Pat Martino top is opening the 606 25 Fest. Club owner Steve Rubie pictured in action above with his new band Skydive on flute
Birthday shows this week at New York club the Jazz Standard and a new quintet album Time Travel swings hard
Dave Douglas turned 50 at the weekend and what better way than to celebrate the trumpeter’s birthday than a run of shows at a top New York jazz club and the release of a new CD Time Travel?
So where do you time travel to? Let’s think. Fifty Second Street in its heyday or Kansas City when Charlie Parker was in Jay McShann’s band. How about the Vanguard in 1961 listening to John Coltrane on the cusp or Bill Evans on a Sunday night? Or do you wish to, instead, flip a switch to ‘divert’, and shuttle forward? Now there’s a thought.
Time Travel is about hard bop swing essentially. You’ll know the sound if you’re in a jazz club and a tune such as the opener here ‘Bridge to Nowhere’ plays, at least the section before Matt Mitchell’s piano solo.
“I was really interested in what David Toomey wrote in his book The New Time Travelers. How the concept of time travel has been around a long time, and how it is evident in the way we think and the way we create: backwards, forwards, all directions at once, beyond the speed of light, rearranging our understanding of cause and effect.”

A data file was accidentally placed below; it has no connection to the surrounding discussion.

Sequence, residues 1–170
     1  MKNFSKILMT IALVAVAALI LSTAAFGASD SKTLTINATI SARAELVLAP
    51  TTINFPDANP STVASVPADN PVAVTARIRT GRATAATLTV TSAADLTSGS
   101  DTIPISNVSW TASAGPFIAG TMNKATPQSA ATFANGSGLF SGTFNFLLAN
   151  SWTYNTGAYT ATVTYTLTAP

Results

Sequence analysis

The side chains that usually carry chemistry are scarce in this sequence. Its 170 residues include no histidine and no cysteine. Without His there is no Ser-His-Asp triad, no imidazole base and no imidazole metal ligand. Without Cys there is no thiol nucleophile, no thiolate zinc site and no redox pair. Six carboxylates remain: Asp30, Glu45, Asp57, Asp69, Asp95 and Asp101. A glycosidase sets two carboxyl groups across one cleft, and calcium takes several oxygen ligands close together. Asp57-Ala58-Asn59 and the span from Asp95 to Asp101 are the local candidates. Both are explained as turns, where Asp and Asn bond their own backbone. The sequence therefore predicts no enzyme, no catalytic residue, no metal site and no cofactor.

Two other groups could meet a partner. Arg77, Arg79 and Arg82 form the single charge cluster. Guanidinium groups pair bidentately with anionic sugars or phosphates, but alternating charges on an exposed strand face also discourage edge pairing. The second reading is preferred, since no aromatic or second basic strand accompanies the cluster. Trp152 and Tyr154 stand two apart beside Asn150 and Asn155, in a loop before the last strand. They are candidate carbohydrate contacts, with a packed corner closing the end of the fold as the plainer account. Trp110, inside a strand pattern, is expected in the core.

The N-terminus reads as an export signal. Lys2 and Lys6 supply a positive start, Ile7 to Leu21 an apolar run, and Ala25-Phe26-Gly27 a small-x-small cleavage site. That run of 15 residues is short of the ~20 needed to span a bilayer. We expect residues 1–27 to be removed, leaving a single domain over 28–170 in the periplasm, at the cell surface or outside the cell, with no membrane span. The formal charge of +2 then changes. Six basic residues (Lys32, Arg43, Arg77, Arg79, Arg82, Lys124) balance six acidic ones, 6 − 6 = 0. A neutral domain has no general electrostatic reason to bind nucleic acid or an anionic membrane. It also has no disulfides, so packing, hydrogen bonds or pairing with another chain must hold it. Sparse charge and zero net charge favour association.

- Dave Douglas
In terms of Douglas’ output, think The Infinite a bit, but there’s no Fender Rhodes. Or the band with Donny McCaslin, the saxophonist who will appear at the Cheltenham Jazz Festival next month inside the quintet for the exclusive show on 4 May. Linda Oh on bass reminds me a little of Ben Williams’ style when Williams was with Terence Blanchard, and this quintet compares strongly to Blanchard’s latest aggregation, although the way the News Orleansian leaves space for Brice Winston is different to Douglas’ approach to harmonising with Irabagon. Both approaches share that salt; and swagger. Time Travel is almost the same band as last year’s acclaimed Be Still but it’s without a singer, although vocalist Heather Masse (not Aoife O’Donovan who’s on Be Still), will join the quintet in Cheltenham with quintet changes as well as saxophone applying also to drums.
‘Law of Historical Memory’ on Time Travel has a superbly ominous atmosphere courtesy of Mitchell, and then some admirably sour horn lines accentuated by drummer Rudy Royston that allow plenty of deliberately uneasy modulating for mood purposes. ‘Beware of Doug’ opens like something out of the Treme soundtrack, while ‘Little Feet’ is where Douglas can ‘speak’ to us listeners with that personal sound of his. ‘Garden State’ referring to New Jersey has a Sopranos-like jauntiness. Finally, the album to be released by Greenleaf in April flutters to a halt with ‘The Pigeon and the Pie’, and in these 10 minutes Douglas, who turned 50 on Sunday, traces his influences back to Kenny Wheeler and beyond, but the direction is also forward. Set the tardis to fly. Stephen Graham
Dave Douglas, above